I deal with companies every day who have no qualms about charging 25 cents to send 160 characters of data from one person to another, or who have no problems charging $3.00 for a 10kb .gif image or a bad .midi version of a popular song, or even up to $10.00 for a small Java clone of Tetris – a 20 year old game. Unlike the web world, the mobile world is accustomed to charging for every thing that has the slightest bit of value. The difference between the markets couldn’t be more drastic. I know of a mobile chat site that’s on many carrier decks that’s a great example of this. To use it, you need to sign up to a subscription for $3.00 a month, and in return you get a URL which links to a very basic WAP based chat. This would be okay in my mind if there was some sort of extra special functionality, but there’s not.
Follow this reasoning. Money is being charged; in Russell’s mind this would be okay if there was ‘extra special functionality’ involved; but there isn’t. So, by implication, it’s not okay. The money is real, the value isn’t. An equally poor service which was free would be better. A better service which was free would be better still. Right? Well…
But don’t get me wrong, it’s not that this is a bad service or a rip off – they are providing a chat app as promised and it works. It’s just the fact that this particular app could be written by any developer in the Valley in less than an hour, and yet they easily have thousands if not millions of paying subscribers world wide.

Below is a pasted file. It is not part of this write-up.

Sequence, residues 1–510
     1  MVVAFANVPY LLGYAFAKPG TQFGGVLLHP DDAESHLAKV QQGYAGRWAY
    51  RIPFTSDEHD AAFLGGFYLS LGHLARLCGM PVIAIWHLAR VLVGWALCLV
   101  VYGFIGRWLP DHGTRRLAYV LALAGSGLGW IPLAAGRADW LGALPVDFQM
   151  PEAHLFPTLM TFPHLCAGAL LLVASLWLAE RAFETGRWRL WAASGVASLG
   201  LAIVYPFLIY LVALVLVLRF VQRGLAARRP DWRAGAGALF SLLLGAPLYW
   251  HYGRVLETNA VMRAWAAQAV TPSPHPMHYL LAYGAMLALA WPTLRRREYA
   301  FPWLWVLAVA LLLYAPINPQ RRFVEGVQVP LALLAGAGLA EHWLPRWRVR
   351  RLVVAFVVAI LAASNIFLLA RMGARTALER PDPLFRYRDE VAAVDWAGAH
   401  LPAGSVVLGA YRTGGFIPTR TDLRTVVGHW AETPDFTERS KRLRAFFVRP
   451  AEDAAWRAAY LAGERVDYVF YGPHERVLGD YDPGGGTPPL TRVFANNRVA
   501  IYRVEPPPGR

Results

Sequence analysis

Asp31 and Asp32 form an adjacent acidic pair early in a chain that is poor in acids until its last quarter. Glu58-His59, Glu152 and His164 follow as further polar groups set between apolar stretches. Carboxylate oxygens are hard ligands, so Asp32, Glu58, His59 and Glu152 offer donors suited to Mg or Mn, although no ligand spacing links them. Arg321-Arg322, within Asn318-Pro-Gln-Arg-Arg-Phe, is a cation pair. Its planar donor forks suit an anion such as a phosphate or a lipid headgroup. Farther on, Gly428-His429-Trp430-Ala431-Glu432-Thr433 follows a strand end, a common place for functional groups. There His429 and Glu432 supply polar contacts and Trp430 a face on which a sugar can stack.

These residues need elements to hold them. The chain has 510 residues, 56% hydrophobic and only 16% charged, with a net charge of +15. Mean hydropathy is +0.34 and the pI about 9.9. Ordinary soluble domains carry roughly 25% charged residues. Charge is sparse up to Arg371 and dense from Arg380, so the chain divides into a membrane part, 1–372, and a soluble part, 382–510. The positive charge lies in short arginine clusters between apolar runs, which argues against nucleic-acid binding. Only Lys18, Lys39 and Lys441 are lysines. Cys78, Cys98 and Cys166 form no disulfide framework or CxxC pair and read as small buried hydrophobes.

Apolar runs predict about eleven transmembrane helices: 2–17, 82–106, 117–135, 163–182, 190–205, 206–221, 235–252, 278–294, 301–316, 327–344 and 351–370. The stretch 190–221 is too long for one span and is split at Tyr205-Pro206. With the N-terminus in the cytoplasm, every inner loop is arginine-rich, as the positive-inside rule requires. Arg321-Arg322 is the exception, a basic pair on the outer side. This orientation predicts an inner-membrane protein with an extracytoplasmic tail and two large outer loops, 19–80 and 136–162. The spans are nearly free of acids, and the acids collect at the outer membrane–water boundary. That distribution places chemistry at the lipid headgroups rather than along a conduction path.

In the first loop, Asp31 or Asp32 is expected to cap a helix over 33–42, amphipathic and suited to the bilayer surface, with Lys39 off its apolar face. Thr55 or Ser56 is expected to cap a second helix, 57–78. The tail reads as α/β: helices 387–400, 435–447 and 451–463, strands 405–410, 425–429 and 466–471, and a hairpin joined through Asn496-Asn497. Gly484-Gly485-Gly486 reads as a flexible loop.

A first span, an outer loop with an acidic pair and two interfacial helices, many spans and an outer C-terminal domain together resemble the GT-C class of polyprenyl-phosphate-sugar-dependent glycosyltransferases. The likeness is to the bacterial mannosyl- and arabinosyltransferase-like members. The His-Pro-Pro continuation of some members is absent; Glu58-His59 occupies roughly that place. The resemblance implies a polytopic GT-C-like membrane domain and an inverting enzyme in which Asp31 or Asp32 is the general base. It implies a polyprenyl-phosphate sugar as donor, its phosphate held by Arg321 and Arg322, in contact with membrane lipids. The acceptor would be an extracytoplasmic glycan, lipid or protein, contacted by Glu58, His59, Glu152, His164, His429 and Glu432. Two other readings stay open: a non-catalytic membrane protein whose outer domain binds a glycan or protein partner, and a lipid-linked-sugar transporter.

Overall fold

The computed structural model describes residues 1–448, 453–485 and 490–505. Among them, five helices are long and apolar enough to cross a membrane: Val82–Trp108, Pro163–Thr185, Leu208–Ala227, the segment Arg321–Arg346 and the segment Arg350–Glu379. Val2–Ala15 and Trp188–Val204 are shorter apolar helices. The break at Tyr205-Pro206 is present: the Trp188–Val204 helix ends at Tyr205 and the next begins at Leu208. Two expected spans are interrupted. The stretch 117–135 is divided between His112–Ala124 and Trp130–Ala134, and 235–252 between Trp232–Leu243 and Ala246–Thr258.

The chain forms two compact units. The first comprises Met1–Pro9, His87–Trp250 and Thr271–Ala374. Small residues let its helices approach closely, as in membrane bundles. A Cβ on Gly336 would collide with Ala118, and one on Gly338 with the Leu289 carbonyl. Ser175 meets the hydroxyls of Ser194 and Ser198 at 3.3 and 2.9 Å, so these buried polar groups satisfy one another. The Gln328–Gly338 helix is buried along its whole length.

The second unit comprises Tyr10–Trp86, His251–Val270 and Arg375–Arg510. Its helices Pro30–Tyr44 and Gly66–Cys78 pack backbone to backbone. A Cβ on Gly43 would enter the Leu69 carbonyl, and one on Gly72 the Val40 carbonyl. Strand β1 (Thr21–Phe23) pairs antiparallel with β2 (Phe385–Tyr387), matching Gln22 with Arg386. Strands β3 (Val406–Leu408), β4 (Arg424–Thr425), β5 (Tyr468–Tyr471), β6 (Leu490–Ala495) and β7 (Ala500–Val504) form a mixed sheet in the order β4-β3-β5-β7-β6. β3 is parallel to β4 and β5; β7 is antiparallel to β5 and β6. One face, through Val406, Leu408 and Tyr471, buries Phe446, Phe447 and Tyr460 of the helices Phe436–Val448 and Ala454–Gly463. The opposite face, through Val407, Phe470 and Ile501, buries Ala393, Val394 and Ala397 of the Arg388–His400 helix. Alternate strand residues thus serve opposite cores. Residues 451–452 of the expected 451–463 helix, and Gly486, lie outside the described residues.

The part about how the value isn’t real and it’s not okay? Forget that. The value is real, obviously, because they are providing a chat app as promised and it works. In other words, the measure of the value of a service is the fact that people are willing to pay for it. And if people aren’t paying for a service that has value to them (because it does stuff that they want it to do), then that’s just wrong and we shouldn’t encourage them.
Why will people gladly pay $3.00 for a basic mobile chat site and not pay anything for a decent web service? I think it’s mostly because of expectations, and honestly, the naivete of many of the people trying to start “businesses” on the web today.
Really, the hype around Web 2.0 has got to stop until all concerned stop acting like a bunch of hippies and start concentrating on what really matters, which is of course money:
I really do think there should be a litmus test for new web apps launched from now on – something very basic and if they don’t pass, they don’t qualify for any buzz or linkage. It’s a simple test: Will they take my credit card? That’s it. I don’t care if they have advertisers or sponsors or god knows what else, all I want to see is a place where I can type in my credit card for some service.
Money: that’s what Russell wants. Or rather, that’s what he wants to be charged. After all, if you’re giving it away, it can’t have very much value.
Ultimately, for Russell, there are two very simple questions which software developers need to be able to answer if they’re going to have any hope of jumping the Web 2.0 train. Do you want to get VC cash and an office in downtown Palo Alto, or not? And if not, WTF is wrong with you?